Archive for category News
A FRIENDLY REMINDER
Items to be published in the Fall Bulletin of Lake Erie Yearly Meeting should be received by the Bulletin editors by Tuesday, October 15.
Examples of items to send:
- news items from yearly meeting committees
- photographs from Annual Sessions or monthly meeting activities
- articles or photographs from local monthly meetings or worship groups
- news of regional conference/retreats
- news of individual Friends
Send to: email@example.com
Thank you, Peggy Daub & Jeff Cooper Co-Editors, LEYM Bulletin
World Quaker Day, supported by Friends World Committee for Consultation (FWCC), is happening this Sunday, October 6 across the globe. You can find out more at the worldquakerday.org website. Here’s a message from FWCC regarding the day:
This year’s theme is Sustainability: Planting Seeds of Renewal for the World We Love
FWCC invites you to join Quakers around the world for the 6th annual World Quaker Day.
Across our churches, meetings, countries and sections, we feel the power of God connecting us in to a faithful family. We celebrate all expressions of Quaker worship!
Visit the resources page for ideas on how to get involved.
Quick Reminder: The Fall 2019 Green Pastures Quarterly Meeting (GPQM) is next Saturday:
September 21 2019
Michigan Friends Center
GPQM Associated meetings: Ann Arbor, Birmingham, Detroit, Grand Rapids, Holland, Kalamazoo, and Red Cedar. Associated Worship groups: Manitou, Pine River, and Tustin.
The Meeting for Business will discern proposed new by-laws.
Following lunch there will be an informal program focused on communication and future of GPQM. Peace!
Co- Clerk Green Pastures Quarterly Meeting
Professor Emerita of Anthropology
There are few things more fulfilling in life than being deeply understood by the one who loves you, and deeply understanding the one you love. The Couple Enrichment Dialogue, in which we listen tenderly and speak authentically, is a spiritual practice that helps us gain this kind of deep understanding. If you would like to learn how to use the Couple Enrichment Dialogue to give and receive the gift of understanding with your beloved, and to introduce this spiritual practice to your partnership, please join us for this residential retreat. It will be a special time! (get Friends Couple Enrichment Retreat flyer)
When: We begin on Friday, November 15 at 6 pm and end with lunch on Sunday at 1 pm. We will finish each evening at 9 pm.
Where: Weber Retreat Center, 1257 E. Siena Heights Drive, Adrian, MI 49221-1793. The center is close to Ann Arbor, Detroit, and Toledo, and is a one-hour drive from the Detroit Metropolitan Airport (DTW). http://www.webercenter.org.
Cost: $350 per couple covers rooms, food, and retreat costs. Please note: In order to keep costs as low as possible, Merry and Peter are donating their time to this event and are not able to offer a discounted rate. However, more couples participating means that costs can be shared. Invite your friends so that the cost can be reduced for everyone! Limited to 10 couples.
Who: Open to any committed couple, regardless of marital status, religious affiliation, gender identity, sexual orientation.
Retreat Leaders: We are Merry Stanford and Peter Wood, of Red Cedar Friends Meeting in Lansing, Michigan, and have been leading Couple Enrichment events since 1995. Peter is a psychotherapist in full-time private practice, working with individuals and couples. Merry is a psychotherapist, spiritual director, and energy medicine practitioner. We have been married for 29 years, following previously failed marriages. We credit the Couple Enrichment dialogue process with helping us grow a healthy relationship through difficult as well as joyful times, while also growing individually. We have used the principles of Couple Enrichment to raise two children, now grown, and to help faith communities speak together about sensitive and divisive issues.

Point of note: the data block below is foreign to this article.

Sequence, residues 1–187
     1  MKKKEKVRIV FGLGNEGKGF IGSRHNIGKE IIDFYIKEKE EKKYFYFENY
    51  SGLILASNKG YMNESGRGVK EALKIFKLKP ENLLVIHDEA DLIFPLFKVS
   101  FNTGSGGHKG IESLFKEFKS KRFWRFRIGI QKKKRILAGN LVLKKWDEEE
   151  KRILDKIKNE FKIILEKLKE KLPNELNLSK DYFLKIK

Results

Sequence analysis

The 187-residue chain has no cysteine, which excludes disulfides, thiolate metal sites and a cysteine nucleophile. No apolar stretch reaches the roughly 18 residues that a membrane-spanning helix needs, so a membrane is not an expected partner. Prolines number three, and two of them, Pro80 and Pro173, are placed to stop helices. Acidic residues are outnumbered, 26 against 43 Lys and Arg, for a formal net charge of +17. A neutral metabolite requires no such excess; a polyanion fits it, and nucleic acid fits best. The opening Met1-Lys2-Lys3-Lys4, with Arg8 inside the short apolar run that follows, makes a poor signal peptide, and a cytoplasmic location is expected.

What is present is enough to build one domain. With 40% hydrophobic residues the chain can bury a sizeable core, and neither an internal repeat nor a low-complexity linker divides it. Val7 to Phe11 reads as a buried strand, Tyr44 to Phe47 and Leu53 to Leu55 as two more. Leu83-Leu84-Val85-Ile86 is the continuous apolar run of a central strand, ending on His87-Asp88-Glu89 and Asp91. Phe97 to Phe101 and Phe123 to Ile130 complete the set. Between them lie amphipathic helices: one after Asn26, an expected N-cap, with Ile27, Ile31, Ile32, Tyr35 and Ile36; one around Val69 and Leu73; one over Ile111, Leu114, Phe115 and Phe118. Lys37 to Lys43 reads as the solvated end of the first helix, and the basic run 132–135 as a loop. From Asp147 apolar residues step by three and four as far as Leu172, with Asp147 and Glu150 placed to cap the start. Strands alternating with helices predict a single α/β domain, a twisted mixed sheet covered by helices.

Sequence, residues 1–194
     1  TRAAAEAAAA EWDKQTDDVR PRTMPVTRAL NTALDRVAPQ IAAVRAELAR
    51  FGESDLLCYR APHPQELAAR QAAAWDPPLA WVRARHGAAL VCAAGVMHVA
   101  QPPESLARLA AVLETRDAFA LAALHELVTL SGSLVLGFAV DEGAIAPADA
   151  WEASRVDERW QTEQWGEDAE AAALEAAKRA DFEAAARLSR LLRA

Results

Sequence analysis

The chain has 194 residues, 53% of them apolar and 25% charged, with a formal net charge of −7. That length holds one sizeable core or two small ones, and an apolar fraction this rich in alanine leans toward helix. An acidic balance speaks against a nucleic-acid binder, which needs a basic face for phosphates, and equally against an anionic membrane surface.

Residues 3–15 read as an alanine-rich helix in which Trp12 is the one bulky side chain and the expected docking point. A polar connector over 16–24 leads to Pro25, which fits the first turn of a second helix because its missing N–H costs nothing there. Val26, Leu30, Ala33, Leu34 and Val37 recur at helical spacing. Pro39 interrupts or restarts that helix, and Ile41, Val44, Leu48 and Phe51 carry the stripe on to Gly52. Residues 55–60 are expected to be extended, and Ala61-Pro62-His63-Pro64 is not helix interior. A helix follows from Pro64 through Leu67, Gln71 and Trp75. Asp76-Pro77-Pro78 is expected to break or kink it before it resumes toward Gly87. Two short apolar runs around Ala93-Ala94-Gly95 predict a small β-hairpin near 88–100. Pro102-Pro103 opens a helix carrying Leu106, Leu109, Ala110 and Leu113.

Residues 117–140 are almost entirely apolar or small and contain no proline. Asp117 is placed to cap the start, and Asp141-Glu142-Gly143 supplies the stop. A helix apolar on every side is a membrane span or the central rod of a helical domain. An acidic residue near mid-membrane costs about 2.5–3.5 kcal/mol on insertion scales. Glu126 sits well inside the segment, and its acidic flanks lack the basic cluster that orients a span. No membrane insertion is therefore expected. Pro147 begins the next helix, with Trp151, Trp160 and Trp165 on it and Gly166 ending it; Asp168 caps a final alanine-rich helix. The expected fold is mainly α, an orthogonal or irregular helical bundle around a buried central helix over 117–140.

To pre-register or to ask questions, please contact us at https://www.merrystanford.com/email-us.html . To find out more about Couple Enrichment, and to see a sample of dialogue in action, view our Quaker Speak video! Go to https://friendscoupleenrichment.wordpress.com/ .
Broadmead Monthly Meeting is hosting a Fall Retreat that all of LEYM is invited to participate in.
Date: Oct. 11th – 13th 2019
Retreat Theme: Steps towards Anti-Racism and Justice
Presenters: Carolyn Lejuste & Jamie Archer
Location: St. Francis Spirituality Center, Tiffin, Ohio
A brochure with additional registration information is available here.
Checkin starts at 6:30 pm Fri. (supper is NOT provided)
Program starts at 7:00 pm
More about the Presenters:
Carolyn Lejuste is a member of Red Cedar Friends in Lansing MI. She has represented LEYM on the Friends General Conference Central Committee and served on the Institutional Assessment on Racism Task Force. She currently is co-clerking the assessment Implementation Group whose charge is to encourage FGC to implement the report’s recommendations.
Jamie Archer is a member of Red Cedar Friends Meeting in Lansing, MI. She currently works at Michigan State University for the College of Education, where she implements the Intercultural Development Inventory, an assessment that helps students, staff, and faculty grow in their cultural competence. She is also serving her fourth year on the Midwest Region Executive Committee for the American Friends Service Committee.
Friends Journal is devoting a whole issue to Quaker kids later this year. Everything from activity pages to mini-graphic novels to memes to serious articles on growing up Quaker or teaching religious education are fair game. Submissions are due Sept 16.
More information here
Lake Erie Yearly Meeting wants to make its Annual Gathering and other committee meetings, visits, and programs free of harassment. This policy addresses a number of forms of harassment, described within the policy. Our consciousness of the need to prevent and respond to these types of harassment has been heightened by our realization that such behavior does occur at Friends’ events..
We will post contact information for the Harassment Discernment Committee here once members have been identified.
Epistle to all Friends
Lake Erie Yearly Meeting of the Religious Society of Friends